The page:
The dispute in the evidence whether the bedrails were up or down seems to be unimportant on the question of contributory negligence. Bedrails are used to keep patients from falling out of bed. The ones used on Carson's bed would not have prevented him from getting out of bed. This is not a case of a patient who falls out of bed *289 but one who deliberately gets out of bed. We think the question of contributory negligence was properly in the case against the hospital and can be considered surplusage in respect to the doctors in view of the answers in the verdict.
The plaintiff predicates error on the trial court's refusal to submit an instruction on res ipsa loquitur in respect to the inquiry concerning the defendant doctors' failure to correctly diagnose Carson's injury as a skull fracture, especially in view of the complaints of Carson, and their failure to make use of proper tests for diagnosing a skull fracture. Dr. Clark had the story of the fall from the hospital report and also questioned Carson. He made a physical examination of the patient and concluded there was no need to take X rays to determine if there was a skull injury and prescribed bed rest. There is an abundance of testimony, which is conflicting, on what other doctors would have done and what the standard practice in the city of Beloit is in this situation, both by way of diagnosis and treatment. What Drs. Clark and Matthews did and did not do is not in doubt.
We think the plaintiff proved too much in the way of negligence to be entitled to an instruction on res ipsa loquitur. In Fehrman v. Smirl (1963), 20 Wis. (2d) 1, 121 N. W. (2d) 255, 122 N. W. (2d) 439, we stated that a res ipsa loquitur instruction, worded so as to permit the jury to infer negligence, may be given in a malpractice case in which a layman could say, either as a matter of common knowledge or with the aid of expert medical testimony, that the consequence of the medical treatment was not that which ordinarily results if due care is exercised. In the second Fehrman v. Smirl Case (1964), 25 Wis. (2d) 645, 653, 131 N. W. (2d) 314, we again addressed ourselves to when an instruction should be given, and we stated that "if there has been such substantial proof of negligence as to render superfluous the giving of an instruction on res ipsa loquitur" such instruction need not be given. In the instant case the plaintiff adduced not *290 circumstantial evidence but direct expert testimony of the negligent conduct on the part of the doctors, and since this direct testimony would be sufficient to sustain a verdict, if accepted by the jury, the instruction would have been superfluous. The purpose of the instruction is to allow a permissive inference from circumstantial evidence which if not permitted would leave the plaintiff's case lacking in sufficient proof to go to the jury. See Beaudoin v. Watertown Memorial Hospital, ante, p. 132, 145 N. W. (2d) 166, a malpractice case, wherein we held there was enough but not too much evidence to evoke the giving of a res ipsa loquitur instruction.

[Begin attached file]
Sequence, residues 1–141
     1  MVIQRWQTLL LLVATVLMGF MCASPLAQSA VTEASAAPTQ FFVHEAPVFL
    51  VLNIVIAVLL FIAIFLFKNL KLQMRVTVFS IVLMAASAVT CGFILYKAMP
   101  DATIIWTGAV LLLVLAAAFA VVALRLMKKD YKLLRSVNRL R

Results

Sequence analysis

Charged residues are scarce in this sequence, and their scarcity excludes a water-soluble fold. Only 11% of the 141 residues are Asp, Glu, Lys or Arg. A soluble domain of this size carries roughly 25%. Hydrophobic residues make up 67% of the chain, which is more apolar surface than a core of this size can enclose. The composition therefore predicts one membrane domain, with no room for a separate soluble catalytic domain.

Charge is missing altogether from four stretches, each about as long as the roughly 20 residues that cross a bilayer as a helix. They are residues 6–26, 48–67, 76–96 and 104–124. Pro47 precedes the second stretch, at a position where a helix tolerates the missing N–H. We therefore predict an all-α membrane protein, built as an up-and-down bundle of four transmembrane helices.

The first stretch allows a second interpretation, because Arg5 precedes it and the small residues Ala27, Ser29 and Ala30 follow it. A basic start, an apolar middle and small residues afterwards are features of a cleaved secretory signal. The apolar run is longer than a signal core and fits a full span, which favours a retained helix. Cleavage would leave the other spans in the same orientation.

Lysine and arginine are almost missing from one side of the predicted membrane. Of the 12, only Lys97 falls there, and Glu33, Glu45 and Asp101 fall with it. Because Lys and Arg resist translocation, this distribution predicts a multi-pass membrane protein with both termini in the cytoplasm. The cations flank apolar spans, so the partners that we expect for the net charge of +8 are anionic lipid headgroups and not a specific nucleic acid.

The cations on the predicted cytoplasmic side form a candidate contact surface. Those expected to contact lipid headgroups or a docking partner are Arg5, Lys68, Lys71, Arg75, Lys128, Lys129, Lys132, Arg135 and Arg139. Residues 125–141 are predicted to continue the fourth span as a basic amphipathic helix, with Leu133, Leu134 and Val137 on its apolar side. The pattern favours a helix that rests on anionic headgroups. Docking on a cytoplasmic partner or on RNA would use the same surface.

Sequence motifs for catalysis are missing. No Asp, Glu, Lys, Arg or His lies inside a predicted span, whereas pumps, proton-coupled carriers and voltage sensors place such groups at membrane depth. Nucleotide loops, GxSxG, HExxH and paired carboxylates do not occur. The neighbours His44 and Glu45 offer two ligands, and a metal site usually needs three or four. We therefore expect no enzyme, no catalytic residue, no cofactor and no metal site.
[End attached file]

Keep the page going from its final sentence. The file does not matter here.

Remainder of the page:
Plaintiff raises several other objections to the instructions which we believe have no merit. She claims the short instruction on general negligence and the using of the word "foreseeability" therein was erroneous. The term "foreseeable" was correctly used in defining negligence. Osborne v. Montgomery (1931), 203 Wis. 223, 234 N.W. 372. While we think it was not necessary to give this instruction in a malpractice case where the specific acts of negligence are in terms of the medical standard of care in the community, we cannot say the instruction was prejudicial.
Nor is there any merit in the objection to the instruction cautioning the jury that it had to find a standard of care applicable to the hospital before it could find the hospital was negligent in its care. A similar instruction on standards was given in reference to the doctors' activities. These were proper instructions concerning the proof of the standards and did not inform the jury of the effect of its answer as argued by the plaintiff.
Likewise, the use of the term "judgment" in the instruction on the standard of professional care and skill of doctors was not prejudicial. Although it is pointed out in Fehrman v. Smirl (1963), 20 Wis. (2d) 1, 27, footnote 7, the word "judgment" is desirable when a physician exercises a choice between two or more methods of treatment *291 after a diagnosis, this language does not mean the use of the word "judgment" in describing the standard of care and skill of a doctor in other situations is prejudicial. In fact one might well say judgment is necessary in making a diagnosis.
Plaintiff complains the court in giving instructions read excerpts from opinions of this court, a practice which was disapproved in Schultz v. Tasche (1918), 166 Wis. 561, 165 N.W. 292. The difficulty with using extracts from appellate court opinions is that they are not written for or with such use in mind. Legal opinions are not written for a lay jury. However, if language in an opinion is appropriate and properly worded for use as an instruction and contains no irrelevant matter, there is no error in using it.